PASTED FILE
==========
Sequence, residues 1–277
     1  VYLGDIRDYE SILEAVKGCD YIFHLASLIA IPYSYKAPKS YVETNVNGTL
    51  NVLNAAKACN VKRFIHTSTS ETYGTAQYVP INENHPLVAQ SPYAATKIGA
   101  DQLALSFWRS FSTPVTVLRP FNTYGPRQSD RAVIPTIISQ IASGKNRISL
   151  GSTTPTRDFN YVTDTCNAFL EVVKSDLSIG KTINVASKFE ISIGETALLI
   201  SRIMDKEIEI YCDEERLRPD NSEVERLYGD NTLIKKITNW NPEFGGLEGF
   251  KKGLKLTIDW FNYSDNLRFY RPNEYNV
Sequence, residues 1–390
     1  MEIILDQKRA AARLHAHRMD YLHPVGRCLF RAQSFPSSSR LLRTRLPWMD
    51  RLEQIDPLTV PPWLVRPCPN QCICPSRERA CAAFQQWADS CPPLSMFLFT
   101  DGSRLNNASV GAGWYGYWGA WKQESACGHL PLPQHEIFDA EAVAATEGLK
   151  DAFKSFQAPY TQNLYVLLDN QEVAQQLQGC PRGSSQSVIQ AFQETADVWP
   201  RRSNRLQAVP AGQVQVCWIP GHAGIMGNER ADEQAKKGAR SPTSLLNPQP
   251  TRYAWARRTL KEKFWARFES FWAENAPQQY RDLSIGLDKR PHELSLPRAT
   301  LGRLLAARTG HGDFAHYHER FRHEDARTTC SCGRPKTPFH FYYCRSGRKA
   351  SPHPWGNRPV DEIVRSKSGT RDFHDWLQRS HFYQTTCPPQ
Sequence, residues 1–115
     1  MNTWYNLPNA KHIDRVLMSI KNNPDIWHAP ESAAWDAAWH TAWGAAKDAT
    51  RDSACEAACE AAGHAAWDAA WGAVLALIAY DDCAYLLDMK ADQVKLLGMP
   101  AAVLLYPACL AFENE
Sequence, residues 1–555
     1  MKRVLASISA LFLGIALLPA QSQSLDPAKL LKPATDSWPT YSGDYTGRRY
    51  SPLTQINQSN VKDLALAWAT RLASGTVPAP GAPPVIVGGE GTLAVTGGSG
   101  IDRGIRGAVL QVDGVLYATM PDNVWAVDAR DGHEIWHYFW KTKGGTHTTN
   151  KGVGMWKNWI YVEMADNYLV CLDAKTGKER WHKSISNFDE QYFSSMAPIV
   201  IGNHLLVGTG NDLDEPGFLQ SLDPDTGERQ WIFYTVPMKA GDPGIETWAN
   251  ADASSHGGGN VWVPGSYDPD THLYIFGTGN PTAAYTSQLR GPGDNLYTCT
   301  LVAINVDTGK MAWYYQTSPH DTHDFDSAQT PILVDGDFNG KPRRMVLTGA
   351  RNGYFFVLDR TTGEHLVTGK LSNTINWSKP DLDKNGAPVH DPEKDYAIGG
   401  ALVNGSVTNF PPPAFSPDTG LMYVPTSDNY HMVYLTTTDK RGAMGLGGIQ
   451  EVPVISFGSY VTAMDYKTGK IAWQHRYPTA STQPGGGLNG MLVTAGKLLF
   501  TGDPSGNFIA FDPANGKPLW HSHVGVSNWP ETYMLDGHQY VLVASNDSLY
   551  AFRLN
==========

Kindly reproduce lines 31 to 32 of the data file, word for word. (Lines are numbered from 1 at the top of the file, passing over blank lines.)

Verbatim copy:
   451  EVPVISFGSY VTAMDYKTGK IAWQHRYPTA STQPGGGLNG MLVTAGKLLF
   501  TGDPSGNFIA FDPANGKPLW HSHVGVSNWP ETYMLDGHQY VLVASNDSLY